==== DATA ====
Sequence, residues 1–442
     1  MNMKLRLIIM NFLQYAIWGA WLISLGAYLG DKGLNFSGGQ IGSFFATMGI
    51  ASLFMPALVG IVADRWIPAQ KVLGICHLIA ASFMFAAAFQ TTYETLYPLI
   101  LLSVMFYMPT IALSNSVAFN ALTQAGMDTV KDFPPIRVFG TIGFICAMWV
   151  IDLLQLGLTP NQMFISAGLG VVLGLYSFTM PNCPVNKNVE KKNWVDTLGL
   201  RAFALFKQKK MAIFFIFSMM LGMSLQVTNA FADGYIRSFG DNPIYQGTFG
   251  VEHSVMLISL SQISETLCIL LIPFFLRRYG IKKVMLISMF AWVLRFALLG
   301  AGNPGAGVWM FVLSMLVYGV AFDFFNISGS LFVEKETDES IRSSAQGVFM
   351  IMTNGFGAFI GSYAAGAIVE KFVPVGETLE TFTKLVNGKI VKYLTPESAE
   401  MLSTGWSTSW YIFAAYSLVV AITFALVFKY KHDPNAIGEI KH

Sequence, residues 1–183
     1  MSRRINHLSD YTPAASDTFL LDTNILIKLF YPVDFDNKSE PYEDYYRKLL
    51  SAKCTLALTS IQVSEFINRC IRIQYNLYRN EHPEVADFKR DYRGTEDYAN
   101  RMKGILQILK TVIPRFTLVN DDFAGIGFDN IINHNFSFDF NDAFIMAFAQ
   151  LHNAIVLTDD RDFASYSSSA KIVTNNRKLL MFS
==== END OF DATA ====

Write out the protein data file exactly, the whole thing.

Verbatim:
Sequence, residues 1–442
     1  MNMKLRLIIM NFLQYAIWGA WLISLGAYLG DKGLNFSGGQ IGSFFATMGI
    51  ASLFMPALVG IVADRWIPAQ KVLGICHLIA ASFMFAAAFQ TTYETLYPLI
   101  LLSVMFYMPT IALSNSVAFN ALTQAGMDTV KDFPPIRVFG TIGFICAMWV
   151  IDLLQLGLTP NQMFISAGLG VVLGLYSFTM PNCPVNKNVE KKNWVDTLGL
   201  RAFALFKQKK MAIFFIFSMM LGMSLQVTNA FADGYIRSFG DNPIYQGTFG
   251  VEHSVMLISL SQISETLCIL LIPFFLRRYG IKKVMLISMF AWVLRFALLG
   301  AGNPGAGVWM FVLSMLVYGV AFDFFNISGS LFVEKETDES IRSSAQGVFM
   351  IMTNGFGAFI GSYAAGAIVE KFVPVGETLE TFTKLVNGKI VKYLTPESAE
   401  MLSTGWSTSW YIFAAYSLVV AITFALVFKY KHDPNAIGEI KH

Sequence, residues 1–183
     1  MSRRINHLSD YTPAASDTFL LDTNILIKLF YPVDFDNKSE PYEDYYRKLL
    51  SAKCTLALTS IQVSEFINRC IRIQYNLYRN EHPEVADFKR DYRGTEDYAN
   101  RMKGILQILK TVIPRFTLVN DDFAGIGFDN IINHNFSFDF NDAFIMAFAQ
   151  LHNAIVLTDD RDFASYSSSA KIVTNNRKLL MFS